We all know that our emotions affect our decision-making. In the language of Applied Emotional Intelligence, this phenomenon is called “Emotional Reasoning.” You know the song by Johnny Nash “I can see clearly now” from the early ‘70’s? I think he was singing about this exact thing.
When we feel negative or unpleasant emotions, they tend to narrow our thinking. We feel gloomy, pessimistic, and slip into a mentality of scarcity. We become blind to possibilities and it’s much harder to engage in creative thinking. Conversely, when we experience pleasant emotions, they tend to broaden our thinking. We feel more upbeat, hopeful, and can see potential abundance.
Dark clouds or Sunshiney day?
My family has been planning a trip together for a couple months. We were all going to meet up and go camping for a few days before our oldest, who is living in another state, starts college. The prospect of sitting around a campfire, going for hikes, and kayaking was exciting. We could see that “it’s gonna be a bright, bright sunshiney day.”
Then this eldest child got a new job. We have to cancel the camping trip. Our only option for still seeing him for a full day and parts of a couple other days is to go to where he lives and stay in a hotel. But he’s exhausted from this intense training. We’re all tired from a long week. My dark clouds are making me blind. The more I think about this trip in its current form, the more convinced I become that we’re going to be collectively unhappy. That we’ll start to nit-pick each other. That we won’t have fun. That it will be a very expensive trip that potentially damages the relationship with the child we don’t get to see much anymore.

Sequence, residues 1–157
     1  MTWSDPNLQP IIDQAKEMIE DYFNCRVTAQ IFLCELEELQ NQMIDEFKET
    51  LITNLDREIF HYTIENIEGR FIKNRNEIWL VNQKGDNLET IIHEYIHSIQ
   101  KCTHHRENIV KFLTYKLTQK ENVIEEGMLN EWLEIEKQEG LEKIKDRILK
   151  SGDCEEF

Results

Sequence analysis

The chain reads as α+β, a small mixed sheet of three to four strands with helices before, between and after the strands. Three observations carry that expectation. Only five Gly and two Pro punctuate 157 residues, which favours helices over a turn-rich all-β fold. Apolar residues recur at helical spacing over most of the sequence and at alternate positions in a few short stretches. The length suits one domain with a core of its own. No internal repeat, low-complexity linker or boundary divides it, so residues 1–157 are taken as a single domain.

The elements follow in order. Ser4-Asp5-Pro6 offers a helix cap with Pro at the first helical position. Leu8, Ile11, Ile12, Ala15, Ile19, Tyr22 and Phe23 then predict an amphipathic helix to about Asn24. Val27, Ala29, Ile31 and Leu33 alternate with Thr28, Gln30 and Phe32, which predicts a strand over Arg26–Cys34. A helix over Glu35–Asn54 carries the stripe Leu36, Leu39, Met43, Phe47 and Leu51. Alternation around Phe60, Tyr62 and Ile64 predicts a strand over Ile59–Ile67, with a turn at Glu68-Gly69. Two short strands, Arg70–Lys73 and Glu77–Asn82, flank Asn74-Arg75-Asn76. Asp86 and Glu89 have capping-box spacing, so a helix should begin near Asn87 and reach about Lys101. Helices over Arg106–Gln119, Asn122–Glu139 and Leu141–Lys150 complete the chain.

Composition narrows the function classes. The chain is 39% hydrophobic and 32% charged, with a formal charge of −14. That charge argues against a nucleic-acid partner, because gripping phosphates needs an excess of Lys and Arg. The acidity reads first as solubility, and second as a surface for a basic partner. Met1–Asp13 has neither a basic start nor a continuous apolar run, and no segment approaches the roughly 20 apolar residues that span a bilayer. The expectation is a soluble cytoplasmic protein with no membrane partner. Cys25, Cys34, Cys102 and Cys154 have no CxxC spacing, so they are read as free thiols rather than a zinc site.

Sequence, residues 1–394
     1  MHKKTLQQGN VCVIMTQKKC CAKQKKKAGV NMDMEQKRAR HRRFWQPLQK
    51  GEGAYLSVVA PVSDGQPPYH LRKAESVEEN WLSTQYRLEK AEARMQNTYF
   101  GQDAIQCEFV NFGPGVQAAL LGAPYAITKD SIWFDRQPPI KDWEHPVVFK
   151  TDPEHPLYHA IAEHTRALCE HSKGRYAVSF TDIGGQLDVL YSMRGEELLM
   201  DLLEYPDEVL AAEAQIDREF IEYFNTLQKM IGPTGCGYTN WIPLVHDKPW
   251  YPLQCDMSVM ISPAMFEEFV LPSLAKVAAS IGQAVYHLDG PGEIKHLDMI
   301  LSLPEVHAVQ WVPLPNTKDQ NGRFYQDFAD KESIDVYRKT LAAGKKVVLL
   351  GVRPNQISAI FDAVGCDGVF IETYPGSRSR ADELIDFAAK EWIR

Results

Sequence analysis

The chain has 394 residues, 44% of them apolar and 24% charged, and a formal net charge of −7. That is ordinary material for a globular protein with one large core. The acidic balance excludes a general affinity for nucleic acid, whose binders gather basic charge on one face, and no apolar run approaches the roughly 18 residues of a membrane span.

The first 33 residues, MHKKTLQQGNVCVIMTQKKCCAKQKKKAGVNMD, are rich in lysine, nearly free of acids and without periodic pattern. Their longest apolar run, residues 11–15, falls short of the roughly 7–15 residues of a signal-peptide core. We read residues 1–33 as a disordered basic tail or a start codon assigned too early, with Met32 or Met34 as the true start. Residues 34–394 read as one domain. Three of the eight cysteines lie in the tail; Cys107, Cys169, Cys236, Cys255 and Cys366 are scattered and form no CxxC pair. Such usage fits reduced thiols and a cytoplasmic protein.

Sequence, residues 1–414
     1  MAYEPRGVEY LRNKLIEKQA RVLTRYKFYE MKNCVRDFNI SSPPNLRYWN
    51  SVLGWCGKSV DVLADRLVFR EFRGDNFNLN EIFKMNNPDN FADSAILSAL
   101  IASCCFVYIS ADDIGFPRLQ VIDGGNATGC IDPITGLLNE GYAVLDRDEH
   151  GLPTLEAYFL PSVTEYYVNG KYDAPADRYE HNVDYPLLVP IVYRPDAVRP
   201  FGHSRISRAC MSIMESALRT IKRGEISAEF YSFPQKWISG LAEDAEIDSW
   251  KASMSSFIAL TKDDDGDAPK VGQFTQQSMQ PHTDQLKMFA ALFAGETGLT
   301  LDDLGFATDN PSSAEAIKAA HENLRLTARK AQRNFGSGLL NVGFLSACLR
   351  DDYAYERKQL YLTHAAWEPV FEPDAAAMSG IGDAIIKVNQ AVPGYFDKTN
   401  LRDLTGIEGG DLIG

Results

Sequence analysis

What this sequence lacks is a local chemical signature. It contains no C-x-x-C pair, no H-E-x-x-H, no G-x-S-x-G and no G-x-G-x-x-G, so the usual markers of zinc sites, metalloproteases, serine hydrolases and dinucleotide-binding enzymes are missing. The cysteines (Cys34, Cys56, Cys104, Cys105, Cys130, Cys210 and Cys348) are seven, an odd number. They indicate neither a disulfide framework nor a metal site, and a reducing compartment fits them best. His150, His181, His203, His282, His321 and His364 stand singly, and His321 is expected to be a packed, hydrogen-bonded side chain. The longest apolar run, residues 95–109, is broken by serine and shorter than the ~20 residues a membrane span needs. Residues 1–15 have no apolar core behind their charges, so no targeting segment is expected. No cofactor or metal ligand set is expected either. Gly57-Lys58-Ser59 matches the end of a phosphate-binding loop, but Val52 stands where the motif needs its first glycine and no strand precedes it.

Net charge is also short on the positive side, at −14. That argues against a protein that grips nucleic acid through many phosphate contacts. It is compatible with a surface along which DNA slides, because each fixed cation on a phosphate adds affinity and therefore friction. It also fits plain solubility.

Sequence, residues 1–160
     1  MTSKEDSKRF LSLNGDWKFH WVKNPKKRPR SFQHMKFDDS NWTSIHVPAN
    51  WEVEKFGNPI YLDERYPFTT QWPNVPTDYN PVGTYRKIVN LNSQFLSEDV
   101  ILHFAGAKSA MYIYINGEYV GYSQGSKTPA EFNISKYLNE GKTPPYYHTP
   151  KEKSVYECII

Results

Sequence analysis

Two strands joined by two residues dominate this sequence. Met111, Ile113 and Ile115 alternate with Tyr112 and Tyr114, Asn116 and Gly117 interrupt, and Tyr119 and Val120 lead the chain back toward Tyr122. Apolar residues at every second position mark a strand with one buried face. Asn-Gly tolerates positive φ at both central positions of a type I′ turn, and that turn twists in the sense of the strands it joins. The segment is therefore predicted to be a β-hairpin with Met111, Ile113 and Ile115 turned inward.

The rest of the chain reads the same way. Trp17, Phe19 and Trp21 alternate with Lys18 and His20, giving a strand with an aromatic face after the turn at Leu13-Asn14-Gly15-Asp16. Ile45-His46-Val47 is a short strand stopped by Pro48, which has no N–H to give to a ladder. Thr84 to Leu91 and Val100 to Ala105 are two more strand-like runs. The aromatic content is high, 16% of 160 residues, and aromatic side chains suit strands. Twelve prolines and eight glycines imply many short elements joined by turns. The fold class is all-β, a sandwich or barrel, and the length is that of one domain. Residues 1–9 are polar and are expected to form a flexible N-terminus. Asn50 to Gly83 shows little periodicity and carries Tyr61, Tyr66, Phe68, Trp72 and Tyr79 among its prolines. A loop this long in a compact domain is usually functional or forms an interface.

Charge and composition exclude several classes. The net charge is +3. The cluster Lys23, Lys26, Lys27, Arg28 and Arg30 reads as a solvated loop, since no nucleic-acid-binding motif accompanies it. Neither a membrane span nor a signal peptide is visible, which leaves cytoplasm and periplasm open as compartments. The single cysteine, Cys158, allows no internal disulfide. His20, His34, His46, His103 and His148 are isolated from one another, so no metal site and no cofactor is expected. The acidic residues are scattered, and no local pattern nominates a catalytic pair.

What’s the right answer?
Each member of my family is weighing the options and thinking about what to do. We’re keeping in communication with each other. We’re trying to objectively weigh the pros and cons of this visit. I don’t have an answer yet. The situation is unresolved as a I write this. But I’ll keep you posted.
The bottom line is that life is full of situations like this. We’re not unique. We can’t avoid unpleasant emotions. But what we can do is recognize how they narrow our thinking and impact our decision-making. We can be intentional about reaching out and asking for input from other people. Awareness puts us in a better position to see clearly.